Through its own crapulence, jobbery, and malfeasance, the Grand Old Party lost the House of Representatives, the jewel of the Republican revolution, the engine of conservative policy reform and home to the much-maligned freedom fries.
Okay, I'm a fair man. The freedom fries line is pretty good. Assuming he meant it as a joke, which I'm not 100% convinced of.
But the rest is even funnier: "engine of conservative policy reform"?? That amounts to (I've been keeping score): tax cuts, tax cuts, more tax cuts, additional tax cuts, supplimental tax cuts, pork, pork, pork, pork rinds, corruption, giveaways, and a biennial flag-burning amendment with no chance of passing. Someone will have to tell me how this constitutes policy reform. Someone other than Jonah, I mean.
Because, as much as I'd love to saddle American "conservatism" with him, Jonah Goldberg is not an ideologue. He's a performing magpie.
It's certainly possible to make his argument. In fact, it's hard to dispute it, seeing as how the electorate understands ideology about as well as it does foreign languages or world history. American elections are the Pepsi challenge, but without the impartial judging. Which means that the "Republican revolution" is as much a crock as any claims of ideological sea-change from the 2006 midterms.
So that's the deal. As of Thursday, January 4, 2007, either acknowledge it's a new day, or stop talking about the Reagan and Gingrich Revolutions, both of which "became a thumbs up or thumbs down on one man", whatever that's supposed to mean.
The GOP once had the reputation of being able to run government like a business and wars like a finely tuned machine.
The locus of this reputation being...where? Between yo' mama's ears?
But under compassionate conservatism, government became a faith-based charity.
"Under compassionate conservatism?" When was that? What the fug is "government became a faith-based charity" supposed to mean?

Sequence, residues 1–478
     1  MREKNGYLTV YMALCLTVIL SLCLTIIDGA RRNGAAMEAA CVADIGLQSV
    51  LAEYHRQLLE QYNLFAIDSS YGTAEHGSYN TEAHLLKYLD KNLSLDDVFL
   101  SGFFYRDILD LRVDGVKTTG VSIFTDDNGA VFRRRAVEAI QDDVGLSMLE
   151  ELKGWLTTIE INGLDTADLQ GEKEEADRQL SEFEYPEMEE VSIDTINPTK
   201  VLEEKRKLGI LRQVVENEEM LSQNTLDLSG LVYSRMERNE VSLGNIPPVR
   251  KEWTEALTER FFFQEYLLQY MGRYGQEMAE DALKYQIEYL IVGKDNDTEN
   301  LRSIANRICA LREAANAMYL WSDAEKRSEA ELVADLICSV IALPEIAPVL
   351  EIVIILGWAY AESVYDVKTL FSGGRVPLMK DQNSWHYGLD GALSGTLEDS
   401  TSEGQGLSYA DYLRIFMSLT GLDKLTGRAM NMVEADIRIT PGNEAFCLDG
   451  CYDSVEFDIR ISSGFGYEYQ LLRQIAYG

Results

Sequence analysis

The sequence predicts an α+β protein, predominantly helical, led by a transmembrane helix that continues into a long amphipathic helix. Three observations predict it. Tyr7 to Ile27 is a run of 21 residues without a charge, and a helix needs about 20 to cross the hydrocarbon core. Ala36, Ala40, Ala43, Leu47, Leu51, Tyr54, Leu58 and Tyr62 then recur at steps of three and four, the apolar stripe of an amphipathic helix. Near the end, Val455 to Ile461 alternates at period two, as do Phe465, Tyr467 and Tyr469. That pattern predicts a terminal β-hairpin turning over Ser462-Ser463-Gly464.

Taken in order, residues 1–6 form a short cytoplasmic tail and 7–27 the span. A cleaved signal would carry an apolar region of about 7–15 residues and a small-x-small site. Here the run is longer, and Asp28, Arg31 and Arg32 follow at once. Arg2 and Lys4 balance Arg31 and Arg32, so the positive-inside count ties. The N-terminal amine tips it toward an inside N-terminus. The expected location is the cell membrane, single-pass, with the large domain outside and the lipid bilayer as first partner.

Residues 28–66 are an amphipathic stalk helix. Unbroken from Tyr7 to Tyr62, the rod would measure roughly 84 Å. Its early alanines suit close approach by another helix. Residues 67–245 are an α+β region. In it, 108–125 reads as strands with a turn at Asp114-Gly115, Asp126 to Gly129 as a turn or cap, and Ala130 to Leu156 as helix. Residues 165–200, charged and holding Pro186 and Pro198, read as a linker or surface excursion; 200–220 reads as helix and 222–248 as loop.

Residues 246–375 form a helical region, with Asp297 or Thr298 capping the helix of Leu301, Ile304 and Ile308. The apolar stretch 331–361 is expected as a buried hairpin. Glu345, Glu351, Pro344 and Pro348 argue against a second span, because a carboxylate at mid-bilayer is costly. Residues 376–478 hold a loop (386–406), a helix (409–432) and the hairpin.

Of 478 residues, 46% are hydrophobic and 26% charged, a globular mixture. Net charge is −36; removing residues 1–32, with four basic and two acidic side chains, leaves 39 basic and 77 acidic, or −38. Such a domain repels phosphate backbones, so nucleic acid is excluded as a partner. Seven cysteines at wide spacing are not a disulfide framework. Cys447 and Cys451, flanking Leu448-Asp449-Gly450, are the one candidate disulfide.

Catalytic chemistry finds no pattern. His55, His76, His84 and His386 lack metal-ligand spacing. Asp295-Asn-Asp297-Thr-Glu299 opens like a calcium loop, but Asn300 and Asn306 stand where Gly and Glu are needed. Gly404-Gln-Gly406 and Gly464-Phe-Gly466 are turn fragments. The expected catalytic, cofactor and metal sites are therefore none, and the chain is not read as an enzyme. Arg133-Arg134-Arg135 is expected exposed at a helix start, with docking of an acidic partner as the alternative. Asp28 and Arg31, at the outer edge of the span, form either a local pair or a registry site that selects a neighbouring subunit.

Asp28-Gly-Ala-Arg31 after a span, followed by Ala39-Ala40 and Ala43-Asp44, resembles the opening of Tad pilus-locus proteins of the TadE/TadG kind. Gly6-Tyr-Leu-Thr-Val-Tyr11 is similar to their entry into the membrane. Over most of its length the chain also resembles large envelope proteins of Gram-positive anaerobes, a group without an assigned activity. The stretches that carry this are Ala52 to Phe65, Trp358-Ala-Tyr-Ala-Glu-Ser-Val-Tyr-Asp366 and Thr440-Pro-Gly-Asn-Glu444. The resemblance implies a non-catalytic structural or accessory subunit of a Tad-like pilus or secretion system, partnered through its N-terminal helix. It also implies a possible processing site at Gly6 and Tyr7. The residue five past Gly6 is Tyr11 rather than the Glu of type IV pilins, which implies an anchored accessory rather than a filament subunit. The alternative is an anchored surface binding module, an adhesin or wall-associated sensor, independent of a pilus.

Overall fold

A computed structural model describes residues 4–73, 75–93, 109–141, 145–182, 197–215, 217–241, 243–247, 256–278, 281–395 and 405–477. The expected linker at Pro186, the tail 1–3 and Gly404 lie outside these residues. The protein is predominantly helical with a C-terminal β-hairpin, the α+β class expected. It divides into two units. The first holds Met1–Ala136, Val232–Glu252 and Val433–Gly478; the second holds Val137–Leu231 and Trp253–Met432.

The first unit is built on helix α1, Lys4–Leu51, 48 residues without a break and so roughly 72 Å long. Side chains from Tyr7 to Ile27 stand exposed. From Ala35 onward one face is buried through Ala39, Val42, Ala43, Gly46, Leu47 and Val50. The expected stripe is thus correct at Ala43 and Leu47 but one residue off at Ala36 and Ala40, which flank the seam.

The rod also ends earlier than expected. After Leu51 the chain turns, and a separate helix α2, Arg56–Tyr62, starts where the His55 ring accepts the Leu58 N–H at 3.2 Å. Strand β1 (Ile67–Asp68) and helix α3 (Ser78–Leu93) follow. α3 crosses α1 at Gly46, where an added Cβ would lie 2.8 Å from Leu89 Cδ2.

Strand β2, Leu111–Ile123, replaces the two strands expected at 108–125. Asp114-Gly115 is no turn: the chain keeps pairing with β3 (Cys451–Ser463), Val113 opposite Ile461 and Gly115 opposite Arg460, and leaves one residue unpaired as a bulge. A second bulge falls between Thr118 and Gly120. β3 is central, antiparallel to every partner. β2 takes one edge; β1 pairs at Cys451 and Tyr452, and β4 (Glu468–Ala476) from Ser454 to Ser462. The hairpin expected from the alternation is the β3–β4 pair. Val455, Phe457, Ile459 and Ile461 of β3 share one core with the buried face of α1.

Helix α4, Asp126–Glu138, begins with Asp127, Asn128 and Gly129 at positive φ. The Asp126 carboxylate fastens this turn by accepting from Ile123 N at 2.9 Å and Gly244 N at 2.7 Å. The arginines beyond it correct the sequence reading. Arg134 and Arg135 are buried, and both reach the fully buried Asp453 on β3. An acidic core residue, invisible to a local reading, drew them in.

As for the war(s), the finely tuned machine is now clogged with Iraqi sand. The Democrats think the only solution is to "redeploy" the whole kit and caboodle out of there for repairs. To Bush's credit, he understands that wars, particularly this one, need to be won. But, alas, the Democrats won the argument at the polls.
What the hell am I doing here? Didn't I leave my drink right there a minute ago? Do you think it ever, ever occurs to Jonah just how stupid his arguments would sound even if they were presented by someone halfway intelligent?
Look, there are people in my (default) party who think I and other hippies ruined it by voting for McGovern, and I think they ruined it running and hiding from an imaginary Revolution. That's what losing does to you. But far more cutting has been what winning did to the Republican party which, since making minor gains post-Goldwater in the 1966 midterms has produced two generations that believe they're right 100% of the time, and that any and all objections to their plans are the result of perversity. Their only complaints about Bush over the past two years--until it became increasingly obvious that a major defeat was looming--concerned Harriet Miers and the Dubai port deal, and those were accompanied by howls. Meanwhile, the few Rightists who left the farm on Iraq continued to insist they'd been right all along, merely done in by poor execution.
I think the former is preferable. It may not be the best way to win elections, but wandering in the desert is philosophically a lot more healthy than walking around muttering to yourself. You may manage to put the Raw Meat Coalition back together again, though I doubt it, but if so it will be just to commit the same mistakes all over again until the whole thing's unrecoverable.
For chrissakes, you've got major idiots like Limbaugh and Hewitt claiming, now, that they've been covering up for the GOP for the past few years. The voters dumped the pols for you. It's time for you to dump morons like Rush and Hugh.
Now, let's get back to the important business of pointing fingers and assigning blame.
Let's. Bill Clinton? Is it Bill Clinton?
Conservatives have been sharpening their bayonets for months, waiting to inaugurate the first great intramural bloodletting of the new millennium. Libertarian types think the fault lies in too much social conservatism. Social conservatives see too much worldliness. Both see too much compromise, while moderates, squishes, and other RINOs (Republicans in name only) see too little. Realists and isolationists see too much war. Neoconservatives and other hawks see, if not too little war, certainly too little commitment to do everything it takes to win the ones we're in.